Detail of the bath of Jesus on the Duccio Maesta NativityMany of the distinctives between various churches and denominations depends on how the rites of baptism and communion are interpreted and put into practice. For Duccio the practice of the Catholic church would be the one he is trying to represent in the painting. In communion the believer is given wine and bread that are the blood and body of Christ. When we consume communion we take into ourselves and remember the sacrificial death of Jesus to save us. In baptism, we are lowered into Christ death and raised with Him into new life.

Both communion and baptism are important entry points into the community of believers. When one is an outsider, taking communion is forbidden. In infant baptism, practiced by the Catholic church, this was your entry into God’s family and an introductory and necessary step in salvation. And so, here we have Christ, giving up heaven to come to earth so that we can be saved, and in this picture fully entering into the community of those He’s come to save.

Is it a stable or a cave?

Another fascinating detail of the Duccio Maesta Nativity is the stable itself. Take a close look. You can see that the structure is both a stable and a cave. In the Western church a stable is generally the accepted way to portray the scene of the nativity. For the Eastern church the nativity is pictured inside of a cave.  We are probably more familiar with the motif of the stable, because that is what we see when we purchase nativity scenes for our homes.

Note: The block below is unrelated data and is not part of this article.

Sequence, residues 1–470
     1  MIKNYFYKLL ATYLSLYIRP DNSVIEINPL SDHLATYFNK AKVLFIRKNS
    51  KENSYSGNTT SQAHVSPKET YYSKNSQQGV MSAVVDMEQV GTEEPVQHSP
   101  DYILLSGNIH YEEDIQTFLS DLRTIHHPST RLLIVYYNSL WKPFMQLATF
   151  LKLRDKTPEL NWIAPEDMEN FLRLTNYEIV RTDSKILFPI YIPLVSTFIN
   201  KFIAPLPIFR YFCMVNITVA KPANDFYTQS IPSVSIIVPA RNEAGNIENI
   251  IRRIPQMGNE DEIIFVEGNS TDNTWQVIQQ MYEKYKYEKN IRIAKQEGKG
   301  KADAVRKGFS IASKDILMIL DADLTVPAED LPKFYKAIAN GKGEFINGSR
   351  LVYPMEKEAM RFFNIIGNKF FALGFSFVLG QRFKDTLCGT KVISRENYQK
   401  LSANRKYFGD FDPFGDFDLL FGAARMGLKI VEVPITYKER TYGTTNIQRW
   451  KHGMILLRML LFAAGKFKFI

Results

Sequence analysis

However, in Biblical times caves were often used as stables as they provided a natural shelter and offered more protection for animals. In Bethlehem if you go to the Church of the Nativity you will see what is traditionally held to be the cave of the birthplace of Christ. In 327 Constantine first established a church at the spot had long been held to be Christ birthplace. The church has been there since, under a variety of controlling bodies during it’s long history, and today is being restored and jointly administrated by the Greek Orthodox, Roman Catholic, Armenian Apostolic, and Syriac Orthodox churches. All four maintain monastic communities on the site. The grotto, where Christ is believed to have been born can be accessed by both the Greek Orthodox and Catholic churches above. The grotto was a pilgrimage site in Duccio’s day, and today is a protected World Heritage Site.

The significance of a cave is that it is a reminder of Christ’s death, the sepulcher that his body would be entombed in. There is the constant reminder that this infant was born to die. In the scene we have both a manger and a cave. This oddity is explained in one of two ways. Some think that Duccio couldn’t decide if he should paint the stable or cave so he did both. Others argue this was an intentional doctrinal statement; the baby’s birth in the stable is surrounded by what would become his tomb. Either way, it is a thought worthy of contemplation.

The star that appeared the night of Jesus birth is hovering at the front of the stable, and if you look closely you can see the light radiating down from the star.


A close look at the the faces of the angels and Mary will show a definite similarity. This is due to the use of the patterns used by various artist workshops. Each master painter ran a workshop and had other artists and apprentices working under him. The master painter would compile pattern books which were highly valued and guarded. Everyone working in the workshop would practice copying the patterns until they mastered them. This practice meant that people often looked very similar, maybe with just a hair color change or a different position. We can clearly see in this work that the angels are all drawn from the same pattern.